Sewage and Waste Water Treatment
When we flush the toilet ashore, we do not have to bother about what happens next – the stuff disappears and this is someone else’s responsibility from now on. But that is not the case on board ship. To keep up treatment plant working properly everyone, not just the engineers has to understand what we cannot and what we cannot do with the sewage and grey water from the basins, showers and so on, which we produce. Everyone does not just mean ship’s crew – it includes anyone who comes on board, i.e. pilots, stevedores, even visitors from the shore office.
The reason we have regulations on how to deal with sewage is common sense, really. The stuff is not something you would like to have when your family is going to the beach for a day. What we are allowed to do with sewage is covered by the international regulations. The revised MARPOL Annex IV says there is no restriction on discharging sewage that passed through the approved treatment plant.
But, if your ship does not have an approved plant, as laid down in MARPOL, then you are not allowed to discharge any comminuted disinfected sewage closer than three miles to the nearest land. Even within that distance, it has to go into the holding tank, even if it has been through the treatment plant.
So, what does happen when we flush the lavatory and wash our hands? The waste goes to a treatment plant either using gravity and pumps or, in more modern systems, using a vacuum. Almost all treatment plants on ships work on what is called extended aeration. This simply means that air is blown through the sewage, which stimulates the production of the aerobic bacteria. Aerobic means existing in the presence of oxygen. Their job in life is to eat sewage.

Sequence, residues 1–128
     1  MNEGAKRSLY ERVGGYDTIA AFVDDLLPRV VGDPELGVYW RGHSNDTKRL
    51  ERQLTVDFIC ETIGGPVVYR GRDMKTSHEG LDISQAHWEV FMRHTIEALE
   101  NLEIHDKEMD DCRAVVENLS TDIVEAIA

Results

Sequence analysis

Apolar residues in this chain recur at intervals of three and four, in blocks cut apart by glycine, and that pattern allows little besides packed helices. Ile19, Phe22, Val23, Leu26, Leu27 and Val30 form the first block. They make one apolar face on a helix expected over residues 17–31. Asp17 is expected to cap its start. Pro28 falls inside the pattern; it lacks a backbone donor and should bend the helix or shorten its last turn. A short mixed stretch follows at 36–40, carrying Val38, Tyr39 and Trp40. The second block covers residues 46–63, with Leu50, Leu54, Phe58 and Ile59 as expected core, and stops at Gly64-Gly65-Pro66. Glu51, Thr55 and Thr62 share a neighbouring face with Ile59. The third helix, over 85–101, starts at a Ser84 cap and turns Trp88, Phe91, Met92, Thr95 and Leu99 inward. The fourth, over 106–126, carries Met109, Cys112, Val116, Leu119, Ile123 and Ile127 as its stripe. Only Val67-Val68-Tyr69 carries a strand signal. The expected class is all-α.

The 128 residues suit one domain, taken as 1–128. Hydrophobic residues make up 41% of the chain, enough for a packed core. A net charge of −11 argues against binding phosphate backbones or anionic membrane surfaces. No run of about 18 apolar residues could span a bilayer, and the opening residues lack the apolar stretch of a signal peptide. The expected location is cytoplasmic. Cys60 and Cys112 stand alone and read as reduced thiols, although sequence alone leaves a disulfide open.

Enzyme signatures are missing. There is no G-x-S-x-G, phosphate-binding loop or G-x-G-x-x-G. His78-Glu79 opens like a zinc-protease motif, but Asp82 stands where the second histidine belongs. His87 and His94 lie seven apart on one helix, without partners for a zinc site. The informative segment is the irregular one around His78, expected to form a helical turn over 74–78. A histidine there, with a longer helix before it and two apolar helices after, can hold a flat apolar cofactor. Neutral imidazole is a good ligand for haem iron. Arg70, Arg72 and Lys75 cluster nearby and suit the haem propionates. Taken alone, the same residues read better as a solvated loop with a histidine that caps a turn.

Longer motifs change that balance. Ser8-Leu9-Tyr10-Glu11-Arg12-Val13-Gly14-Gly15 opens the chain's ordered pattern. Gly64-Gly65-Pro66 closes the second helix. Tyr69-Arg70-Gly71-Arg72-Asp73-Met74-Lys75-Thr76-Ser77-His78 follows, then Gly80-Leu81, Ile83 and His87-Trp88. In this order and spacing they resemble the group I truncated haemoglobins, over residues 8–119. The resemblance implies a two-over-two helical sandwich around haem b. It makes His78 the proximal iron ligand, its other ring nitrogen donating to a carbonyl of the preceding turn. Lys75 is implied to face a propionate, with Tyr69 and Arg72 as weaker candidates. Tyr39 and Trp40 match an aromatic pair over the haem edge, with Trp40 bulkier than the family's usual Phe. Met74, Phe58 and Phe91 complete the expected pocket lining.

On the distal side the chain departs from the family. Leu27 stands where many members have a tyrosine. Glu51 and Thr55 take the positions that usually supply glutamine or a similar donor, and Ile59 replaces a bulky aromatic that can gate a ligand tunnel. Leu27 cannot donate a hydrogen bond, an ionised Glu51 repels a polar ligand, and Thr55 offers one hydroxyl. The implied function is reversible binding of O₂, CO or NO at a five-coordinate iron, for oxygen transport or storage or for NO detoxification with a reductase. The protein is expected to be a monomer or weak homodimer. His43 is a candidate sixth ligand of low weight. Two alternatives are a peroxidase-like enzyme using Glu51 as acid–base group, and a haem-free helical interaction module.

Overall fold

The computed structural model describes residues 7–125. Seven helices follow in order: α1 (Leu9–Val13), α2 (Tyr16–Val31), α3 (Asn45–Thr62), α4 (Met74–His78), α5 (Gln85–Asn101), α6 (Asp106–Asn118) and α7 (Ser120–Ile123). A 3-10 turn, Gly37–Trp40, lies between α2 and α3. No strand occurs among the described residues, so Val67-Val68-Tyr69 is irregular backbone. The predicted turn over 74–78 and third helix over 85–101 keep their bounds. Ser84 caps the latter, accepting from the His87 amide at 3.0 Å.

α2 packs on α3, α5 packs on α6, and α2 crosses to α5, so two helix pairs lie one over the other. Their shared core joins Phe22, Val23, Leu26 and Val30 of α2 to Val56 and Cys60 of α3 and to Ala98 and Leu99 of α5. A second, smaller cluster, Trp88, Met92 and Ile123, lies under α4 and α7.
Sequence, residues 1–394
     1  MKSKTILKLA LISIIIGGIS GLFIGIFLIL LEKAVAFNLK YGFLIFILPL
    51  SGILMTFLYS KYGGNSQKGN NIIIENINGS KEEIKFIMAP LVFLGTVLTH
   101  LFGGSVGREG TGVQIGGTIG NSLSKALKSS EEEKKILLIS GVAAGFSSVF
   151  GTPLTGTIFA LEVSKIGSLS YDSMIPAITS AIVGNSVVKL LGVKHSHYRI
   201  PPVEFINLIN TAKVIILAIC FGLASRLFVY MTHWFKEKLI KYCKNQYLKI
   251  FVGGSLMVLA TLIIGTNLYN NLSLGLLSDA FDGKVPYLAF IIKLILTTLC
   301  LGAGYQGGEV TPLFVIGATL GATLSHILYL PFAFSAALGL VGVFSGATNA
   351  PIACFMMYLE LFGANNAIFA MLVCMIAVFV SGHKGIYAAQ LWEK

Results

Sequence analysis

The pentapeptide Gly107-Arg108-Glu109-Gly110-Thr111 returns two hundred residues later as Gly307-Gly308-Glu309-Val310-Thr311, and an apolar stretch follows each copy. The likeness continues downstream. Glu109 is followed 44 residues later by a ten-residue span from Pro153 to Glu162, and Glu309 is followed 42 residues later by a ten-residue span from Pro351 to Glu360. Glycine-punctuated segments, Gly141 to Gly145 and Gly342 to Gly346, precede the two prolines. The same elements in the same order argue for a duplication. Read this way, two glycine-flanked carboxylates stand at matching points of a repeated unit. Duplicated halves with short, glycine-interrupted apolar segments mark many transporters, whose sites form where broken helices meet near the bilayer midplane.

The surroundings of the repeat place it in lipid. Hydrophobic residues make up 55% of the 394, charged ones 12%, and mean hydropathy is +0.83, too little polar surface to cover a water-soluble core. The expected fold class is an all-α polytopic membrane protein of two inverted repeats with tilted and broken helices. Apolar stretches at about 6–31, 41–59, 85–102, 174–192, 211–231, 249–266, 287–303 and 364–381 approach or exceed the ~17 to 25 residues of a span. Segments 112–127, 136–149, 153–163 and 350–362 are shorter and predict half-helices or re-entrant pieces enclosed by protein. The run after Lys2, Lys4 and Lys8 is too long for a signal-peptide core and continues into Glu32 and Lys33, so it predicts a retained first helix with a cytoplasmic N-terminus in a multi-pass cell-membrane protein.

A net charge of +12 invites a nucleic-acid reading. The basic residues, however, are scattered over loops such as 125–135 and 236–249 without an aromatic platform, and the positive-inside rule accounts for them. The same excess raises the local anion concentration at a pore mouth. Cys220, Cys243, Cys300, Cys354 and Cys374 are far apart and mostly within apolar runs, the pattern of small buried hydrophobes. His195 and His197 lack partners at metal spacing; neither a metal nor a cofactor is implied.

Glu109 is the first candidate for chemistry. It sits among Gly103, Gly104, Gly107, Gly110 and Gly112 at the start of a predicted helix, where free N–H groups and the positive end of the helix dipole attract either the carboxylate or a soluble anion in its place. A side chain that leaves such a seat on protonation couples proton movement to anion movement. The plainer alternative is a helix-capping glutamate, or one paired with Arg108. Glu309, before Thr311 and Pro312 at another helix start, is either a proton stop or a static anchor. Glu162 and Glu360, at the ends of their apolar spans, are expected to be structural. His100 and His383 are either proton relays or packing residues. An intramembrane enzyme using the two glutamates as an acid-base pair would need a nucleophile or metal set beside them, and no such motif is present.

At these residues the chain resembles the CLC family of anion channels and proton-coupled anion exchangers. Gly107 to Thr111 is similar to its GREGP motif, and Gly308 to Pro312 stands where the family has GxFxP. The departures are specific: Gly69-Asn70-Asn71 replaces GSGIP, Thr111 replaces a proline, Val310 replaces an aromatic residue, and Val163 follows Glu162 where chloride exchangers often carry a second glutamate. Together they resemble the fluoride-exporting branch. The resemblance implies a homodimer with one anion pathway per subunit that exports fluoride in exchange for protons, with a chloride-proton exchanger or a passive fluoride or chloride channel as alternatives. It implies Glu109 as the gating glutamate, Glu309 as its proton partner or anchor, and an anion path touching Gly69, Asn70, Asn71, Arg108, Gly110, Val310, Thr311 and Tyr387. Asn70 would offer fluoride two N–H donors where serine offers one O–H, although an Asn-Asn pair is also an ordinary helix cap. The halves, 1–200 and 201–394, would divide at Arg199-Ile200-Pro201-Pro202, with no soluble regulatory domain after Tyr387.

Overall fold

In principle, this is how the aeration plant works. There are three compartments – aeration, settling and chlorine contact. Sewage flows or is pumped through a coarse filter to the aeration compartment and air is bubbled through series of diffusers. The air comes from low pressure compressors. The bacteria digest the sewage turning it into inert sludge, water, and CO2. Some of the sludge collects in the bottom of the compartment. The digested effluent together with the bacteria and the remaining sludge flow through another coarse screen into the settling tank. Sludge and bacteria sink to the bottom and recirculated to the aeration compartment.
Debris is skimmed from the surface. The clean effluent flows through a chlorinator into a contact tank. The chlorine kills any remaining harmful bacteria. Make sure you familiarize yourself with the local regulations. Some countries, Korea for example, insist on chlorination while others, such as Canada, forbid it.
Grey water from showers, sinks and so on, also flows into the contact tank and the resulting effluent which is now cleaned and harmless, is discharger overboard. The discharge is controlled by float switches located in the last chamber. The switches start the discharge pump which forces the fluid though a valve and overboard. There is an emergency overflow but it is very important to prevent sewage overflowing into the bilges because, if that happens, the oily water separator and the oil content monitor will not work.
This is the inlet filter on the front of the aeration compartment – it is a coarse screen designed to let human soil and toilet paper pass through it and nothing else. So please, no cigarette ends or packets, no condoms, no female sanitary products, no newspapers and no kitchen towels. Toilet paper is designed to dissolve, the kitchen towers are not.